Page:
Barnes, A and Hearn, M, 1997 Kiss Kiss Bang Bang, Batsford
Haining, P, 1987 James Bond, a celebration, Planet
Pearson, J, 1966 The life of Ian Fleming, Cape

Saturday 27 October 2012

Skyfall - a memetic review

Warning: this review contains minor spoilers

Skyfall is an outstanding achievement. It is both a fitting celebration of 50 years of the James Bond films, and a forward-facing film relevant for our times. That the film has pulled off this trick is testament to the remarkable work of the screenwriters, director, production crew, actors, and above all Daniel Craig in bruising and arresting form. Skyfall is not just a Bond film; it is an intelligent piece of story-telling that stands on its own terms outside Bondworld.

From the start, the narrative plunges the viewer into the heart of the action and takes a grip that does not weaken for its entire two-hour running time. A hard drive containing the identities of agents embedded with terrorist organisations has been stolen. Bond's initial attempts at recovering the disk fail, and he, M and others at MI6 find themselves one step behind the instigator of the theft, whose motivation is very personal and very deadly.

Superficially, Skyfall takes very little from Ian Fleming's novels, but dig a little deeper, it becomes clear that Fleming has not been forgotten. The ultimate inspiration for Daniel Craig's Bond still derives from the literary hero. The screenwriters, John Logan and regular scribes Neal Purvis and Robert Wade appear to have turned to two books in particular. James Bond's obituary, which M writes after a bungled attempt to shoot an enemy agent, takes elements, reproduced almost verbatim, from the obituary in You Only Live Twice. Bond's childhood alluded to in Skyfall is also based on details revealed in the novel's obituary.

Bond's subsequent 'resurrection', as an out-of-shape and wrecked agent, mirrors events in the beginning of the book that follows, The Man with the Golden Gun. Though not named in the film, the psychologist in Skyfall is surely inspired by the psychologist of that and other novels, Sir James Molony (I understand the character is called Dr Hall; a missed opportunity, surely, for a clearer nod to the books). But in a twist, Bond's role in the dramatic episode in M's office in The Man with the Golden Gun is in Skyfall effectively given to the villain, Javier Bardem's Raoul Silva, and this consequently shapes the film's plot.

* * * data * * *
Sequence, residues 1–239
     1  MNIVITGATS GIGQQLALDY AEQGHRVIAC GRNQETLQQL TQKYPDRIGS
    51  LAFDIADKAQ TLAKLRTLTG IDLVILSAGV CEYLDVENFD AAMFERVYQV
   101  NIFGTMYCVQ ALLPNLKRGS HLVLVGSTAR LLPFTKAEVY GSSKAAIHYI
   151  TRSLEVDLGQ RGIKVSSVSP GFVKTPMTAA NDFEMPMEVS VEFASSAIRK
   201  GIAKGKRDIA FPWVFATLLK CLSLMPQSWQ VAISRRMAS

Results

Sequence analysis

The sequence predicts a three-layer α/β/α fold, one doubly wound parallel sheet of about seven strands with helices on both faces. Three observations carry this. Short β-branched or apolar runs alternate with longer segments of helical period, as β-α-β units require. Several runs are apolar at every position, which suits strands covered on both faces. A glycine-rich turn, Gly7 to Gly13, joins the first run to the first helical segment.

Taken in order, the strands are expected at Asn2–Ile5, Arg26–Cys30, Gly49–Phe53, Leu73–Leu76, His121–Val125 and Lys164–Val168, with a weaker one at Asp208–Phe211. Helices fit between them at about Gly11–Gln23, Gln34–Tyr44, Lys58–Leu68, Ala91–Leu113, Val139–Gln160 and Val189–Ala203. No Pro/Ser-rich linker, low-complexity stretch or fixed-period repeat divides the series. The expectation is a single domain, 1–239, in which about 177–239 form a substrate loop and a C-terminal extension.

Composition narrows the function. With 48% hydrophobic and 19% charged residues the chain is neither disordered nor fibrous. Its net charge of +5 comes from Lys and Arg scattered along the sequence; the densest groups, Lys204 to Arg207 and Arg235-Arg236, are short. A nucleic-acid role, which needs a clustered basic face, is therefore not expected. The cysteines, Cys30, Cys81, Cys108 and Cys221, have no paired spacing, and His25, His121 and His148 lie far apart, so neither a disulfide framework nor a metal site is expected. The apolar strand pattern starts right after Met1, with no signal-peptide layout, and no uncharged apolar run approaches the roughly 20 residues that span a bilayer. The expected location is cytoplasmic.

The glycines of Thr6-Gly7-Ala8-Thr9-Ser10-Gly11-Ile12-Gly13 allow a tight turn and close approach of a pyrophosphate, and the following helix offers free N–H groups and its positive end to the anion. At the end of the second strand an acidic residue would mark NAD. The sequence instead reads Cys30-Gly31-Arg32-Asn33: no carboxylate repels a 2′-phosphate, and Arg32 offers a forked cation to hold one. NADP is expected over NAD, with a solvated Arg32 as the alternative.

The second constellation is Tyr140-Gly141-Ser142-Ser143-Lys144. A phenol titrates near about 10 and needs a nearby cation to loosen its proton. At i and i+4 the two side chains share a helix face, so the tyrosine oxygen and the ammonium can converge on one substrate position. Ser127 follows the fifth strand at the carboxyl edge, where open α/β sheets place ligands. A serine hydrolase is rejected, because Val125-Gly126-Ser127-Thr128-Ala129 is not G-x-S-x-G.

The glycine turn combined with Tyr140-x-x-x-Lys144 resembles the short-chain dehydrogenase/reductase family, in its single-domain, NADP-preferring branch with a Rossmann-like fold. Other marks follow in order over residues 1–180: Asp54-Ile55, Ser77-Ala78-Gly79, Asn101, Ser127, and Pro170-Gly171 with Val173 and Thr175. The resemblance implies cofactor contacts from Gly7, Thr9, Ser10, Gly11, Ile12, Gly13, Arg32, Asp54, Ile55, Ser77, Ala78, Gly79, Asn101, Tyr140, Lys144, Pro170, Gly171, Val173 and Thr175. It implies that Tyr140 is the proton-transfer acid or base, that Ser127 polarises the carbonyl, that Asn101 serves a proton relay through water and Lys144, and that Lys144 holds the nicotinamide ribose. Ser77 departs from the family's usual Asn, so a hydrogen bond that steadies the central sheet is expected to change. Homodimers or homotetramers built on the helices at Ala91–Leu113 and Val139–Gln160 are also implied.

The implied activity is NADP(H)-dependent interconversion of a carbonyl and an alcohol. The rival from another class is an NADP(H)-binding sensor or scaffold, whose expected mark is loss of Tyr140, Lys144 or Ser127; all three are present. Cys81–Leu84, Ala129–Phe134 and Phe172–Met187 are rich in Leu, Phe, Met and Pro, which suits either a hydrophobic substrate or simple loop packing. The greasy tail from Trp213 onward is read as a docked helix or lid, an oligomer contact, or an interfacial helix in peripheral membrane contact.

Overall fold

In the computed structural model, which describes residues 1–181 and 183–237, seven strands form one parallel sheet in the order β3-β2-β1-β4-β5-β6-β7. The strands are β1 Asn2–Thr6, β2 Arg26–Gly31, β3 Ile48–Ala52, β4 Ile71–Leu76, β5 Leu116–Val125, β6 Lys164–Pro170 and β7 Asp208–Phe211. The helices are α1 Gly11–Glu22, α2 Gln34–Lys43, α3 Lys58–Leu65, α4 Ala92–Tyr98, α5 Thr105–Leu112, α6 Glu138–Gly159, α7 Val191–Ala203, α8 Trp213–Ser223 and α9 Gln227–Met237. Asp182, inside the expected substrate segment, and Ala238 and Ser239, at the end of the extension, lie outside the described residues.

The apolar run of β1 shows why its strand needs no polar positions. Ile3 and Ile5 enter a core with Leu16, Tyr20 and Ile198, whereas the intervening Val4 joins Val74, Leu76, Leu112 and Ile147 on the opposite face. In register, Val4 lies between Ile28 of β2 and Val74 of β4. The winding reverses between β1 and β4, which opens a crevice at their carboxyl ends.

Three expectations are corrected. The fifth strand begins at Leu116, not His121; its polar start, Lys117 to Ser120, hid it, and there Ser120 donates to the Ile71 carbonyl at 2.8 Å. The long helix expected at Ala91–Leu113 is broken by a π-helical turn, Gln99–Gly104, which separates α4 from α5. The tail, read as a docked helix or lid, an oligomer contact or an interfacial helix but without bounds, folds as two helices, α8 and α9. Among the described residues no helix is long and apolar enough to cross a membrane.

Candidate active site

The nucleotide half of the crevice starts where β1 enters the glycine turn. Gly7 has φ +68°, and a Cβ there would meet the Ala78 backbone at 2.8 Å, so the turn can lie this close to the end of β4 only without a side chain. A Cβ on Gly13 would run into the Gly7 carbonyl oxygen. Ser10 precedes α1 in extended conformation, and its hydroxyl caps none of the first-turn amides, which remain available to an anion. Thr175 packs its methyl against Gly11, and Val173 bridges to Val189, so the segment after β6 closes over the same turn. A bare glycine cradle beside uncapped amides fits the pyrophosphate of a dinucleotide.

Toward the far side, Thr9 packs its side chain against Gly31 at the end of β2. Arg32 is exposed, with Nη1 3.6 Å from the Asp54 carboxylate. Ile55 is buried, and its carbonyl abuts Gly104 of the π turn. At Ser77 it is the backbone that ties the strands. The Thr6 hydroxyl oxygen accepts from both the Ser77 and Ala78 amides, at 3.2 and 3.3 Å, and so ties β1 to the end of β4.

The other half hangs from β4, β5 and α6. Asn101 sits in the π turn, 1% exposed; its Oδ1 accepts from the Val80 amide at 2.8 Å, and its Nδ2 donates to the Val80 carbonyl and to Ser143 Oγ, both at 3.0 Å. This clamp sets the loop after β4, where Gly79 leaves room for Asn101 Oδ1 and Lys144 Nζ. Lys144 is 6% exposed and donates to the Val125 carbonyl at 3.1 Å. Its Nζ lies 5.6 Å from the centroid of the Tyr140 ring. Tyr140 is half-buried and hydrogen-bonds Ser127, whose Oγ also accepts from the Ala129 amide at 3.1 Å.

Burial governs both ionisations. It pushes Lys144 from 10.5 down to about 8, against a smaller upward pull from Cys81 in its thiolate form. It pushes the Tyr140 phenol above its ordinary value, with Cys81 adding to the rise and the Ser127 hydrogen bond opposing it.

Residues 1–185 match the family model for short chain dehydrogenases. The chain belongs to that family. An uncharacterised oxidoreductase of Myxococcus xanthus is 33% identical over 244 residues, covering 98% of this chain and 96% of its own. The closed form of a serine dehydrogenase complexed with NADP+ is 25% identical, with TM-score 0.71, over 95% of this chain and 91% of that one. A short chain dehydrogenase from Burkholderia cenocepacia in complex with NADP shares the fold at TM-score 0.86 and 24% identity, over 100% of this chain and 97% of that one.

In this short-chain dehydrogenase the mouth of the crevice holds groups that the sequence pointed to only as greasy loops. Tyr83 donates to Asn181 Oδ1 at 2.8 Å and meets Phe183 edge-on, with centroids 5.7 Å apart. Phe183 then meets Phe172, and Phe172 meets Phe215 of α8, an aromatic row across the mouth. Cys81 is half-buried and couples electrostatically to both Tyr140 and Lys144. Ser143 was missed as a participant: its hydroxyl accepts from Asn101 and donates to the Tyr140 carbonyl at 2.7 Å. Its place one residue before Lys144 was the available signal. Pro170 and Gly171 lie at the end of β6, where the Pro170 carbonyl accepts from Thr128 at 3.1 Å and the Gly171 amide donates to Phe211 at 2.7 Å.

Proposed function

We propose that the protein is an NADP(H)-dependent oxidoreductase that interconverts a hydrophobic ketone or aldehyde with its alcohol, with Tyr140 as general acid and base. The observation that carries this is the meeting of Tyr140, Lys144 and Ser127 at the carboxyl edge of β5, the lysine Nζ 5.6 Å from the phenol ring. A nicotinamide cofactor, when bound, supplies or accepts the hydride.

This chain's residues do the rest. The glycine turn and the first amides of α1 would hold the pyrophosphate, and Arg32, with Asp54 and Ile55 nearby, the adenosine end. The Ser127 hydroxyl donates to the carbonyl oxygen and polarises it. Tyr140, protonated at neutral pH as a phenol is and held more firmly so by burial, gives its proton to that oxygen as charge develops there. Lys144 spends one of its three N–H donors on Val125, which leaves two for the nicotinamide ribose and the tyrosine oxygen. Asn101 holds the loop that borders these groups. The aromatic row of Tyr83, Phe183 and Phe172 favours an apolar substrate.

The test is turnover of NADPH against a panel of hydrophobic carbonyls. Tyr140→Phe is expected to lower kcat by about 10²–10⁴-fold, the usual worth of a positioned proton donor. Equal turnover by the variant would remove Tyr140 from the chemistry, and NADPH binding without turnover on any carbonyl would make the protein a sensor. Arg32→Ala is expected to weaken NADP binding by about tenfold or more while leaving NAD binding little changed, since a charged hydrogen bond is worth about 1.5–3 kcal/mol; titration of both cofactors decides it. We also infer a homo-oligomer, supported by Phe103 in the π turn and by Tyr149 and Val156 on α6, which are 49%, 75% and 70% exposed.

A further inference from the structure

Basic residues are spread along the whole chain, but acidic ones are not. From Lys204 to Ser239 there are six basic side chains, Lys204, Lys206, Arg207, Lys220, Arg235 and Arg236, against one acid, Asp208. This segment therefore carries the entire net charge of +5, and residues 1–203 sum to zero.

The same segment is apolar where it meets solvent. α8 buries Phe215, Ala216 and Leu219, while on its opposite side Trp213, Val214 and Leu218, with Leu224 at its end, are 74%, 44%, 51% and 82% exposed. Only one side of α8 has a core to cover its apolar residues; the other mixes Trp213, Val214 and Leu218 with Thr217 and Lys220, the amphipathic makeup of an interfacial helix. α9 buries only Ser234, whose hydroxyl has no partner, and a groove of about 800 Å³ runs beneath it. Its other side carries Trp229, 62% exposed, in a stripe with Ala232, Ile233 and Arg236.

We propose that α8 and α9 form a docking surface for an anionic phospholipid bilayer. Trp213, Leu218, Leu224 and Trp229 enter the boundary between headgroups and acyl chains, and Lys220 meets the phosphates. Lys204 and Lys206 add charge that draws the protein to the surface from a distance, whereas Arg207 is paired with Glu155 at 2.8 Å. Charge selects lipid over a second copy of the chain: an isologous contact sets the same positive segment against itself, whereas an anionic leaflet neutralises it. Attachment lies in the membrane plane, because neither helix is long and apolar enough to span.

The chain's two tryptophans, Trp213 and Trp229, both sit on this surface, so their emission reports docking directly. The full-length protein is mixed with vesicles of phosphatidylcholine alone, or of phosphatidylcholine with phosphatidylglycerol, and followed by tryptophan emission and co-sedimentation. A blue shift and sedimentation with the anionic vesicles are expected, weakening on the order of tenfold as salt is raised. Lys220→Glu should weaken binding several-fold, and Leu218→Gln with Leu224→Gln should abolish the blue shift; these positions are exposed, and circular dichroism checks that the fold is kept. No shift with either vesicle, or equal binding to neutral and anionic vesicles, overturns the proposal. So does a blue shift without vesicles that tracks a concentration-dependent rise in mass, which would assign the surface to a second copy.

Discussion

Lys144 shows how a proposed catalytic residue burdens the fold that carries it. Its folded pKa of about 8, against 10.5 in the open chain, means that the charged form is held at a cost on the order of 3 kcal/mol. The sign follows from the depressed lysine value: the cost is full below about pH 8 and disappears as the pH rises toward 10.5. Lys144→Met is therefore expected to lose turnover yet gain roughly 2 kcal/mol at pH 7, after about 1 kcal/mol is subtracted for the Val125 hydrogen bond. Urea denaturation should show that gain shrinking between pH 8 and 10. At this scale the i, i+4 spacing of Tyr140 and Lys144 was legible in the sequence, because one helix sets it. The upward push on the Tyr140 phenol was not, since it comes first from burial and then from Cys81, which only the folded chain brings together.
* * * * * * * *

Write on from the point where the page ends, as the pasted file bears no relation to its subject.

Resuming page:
There is a clever nod to Ian Fleming when we approach the ancestral Scottish home of James Bond. The stag sitting on the gateway recalls the beast in Fleming's family crest. And as Skyfall's narrative comes to a shocking end, I cannot help but think of the shoot-out in the Dreamy Pines motor court in The Spy Who Loved Me, and the denouement of On Her Majesty's Secret Service. James Bond only lives twice, but in return he must endure the emotional pain that  accumulates with the deaths of those closest to him not permitted such a luxury.

Inevitably, Skyfall acknowledges the history of Bond film series. Javier Bardem captures the spirit of villains past, delivering a gruesome and deeply frightening amalgam of Jaws and Hugo Drax or Blofeld; in addition, Silva's island base takes us right back to Dr No's Crab Key. Sévérine, played by Bérénice Marlohe, recalls Maud Adams' tragic Andrea from The Man with the Golden Gun film. A particularly Bondian scene in a komodo dragon pit provides a nod to Bond's alligator-hopping in Live and Let Die (which is rather appropriate, given director Sam Mendes' fondness for the film). References to Goldfinger abound. The reappearance of Goldfinger's Aston Martin DB5, which brought a cheer from the audience, was accompanied by an extended musical reference to the 1964 film. And as promised, Daniel Craig delivers the sort of measured one-liners that rival the best of the witticisms of the Sean Connery era.

The titles sequence references the best of  Maurice Binder, and Adele's title song has more than a hint of Shirley Bassey. There are doubtless many more nods to the films, but it will take repeated viewings to extract them all.

Is Skyfall the best Bond film? The question is redundant. The cultural environment is always evolving, and we get the Bond for our times. Goldfinger or From Russia with Love were the best of the 1960s' Bond, The Spy Who Loved Me was perfect for the 1970s, The Living Daylights reflected society's changing mores, while GoldenEye successfully introduced Bond to a post-Cold War world. Skyfall is certainly very good, and deservedly takes its place in the pantheon of Bond greats.

Sunday 21 October 2012

James Bond - home on the range

We almost never see the cinematic James Bond, a crack shot, practising his shooting skills. In The Living Daylights at a shooting gallery in Vienna's Wurstelprater amusement park, Bond's outstanding form threatens to wipe out the owner's stock of cheap soft toys, but that surely doesn't count. As Matthew Syed explains in his excellent book, Bounce, it may take 10,000 hours of practice to become a champion, but champions still need to practise to stay at the top. In contrast with the Bond films, cop movies often show protagonists on the range, and not even Dirty Harry, Axel Foley and Martin Riggs are excused.

I was reminded of this when I happened to open the Times and read the obituary of Eric McGibbon, a tea-planter, engineer and rifleman. Born in 1926 in Burma, he moved to India in the 1940s and managed a tea-plantation in Assam. After the Second World War, Eric relocated to England and settled in Surrey. During the late 1960s, he began open-range rifle shooting at the Bisley ranges and achieved considerable success.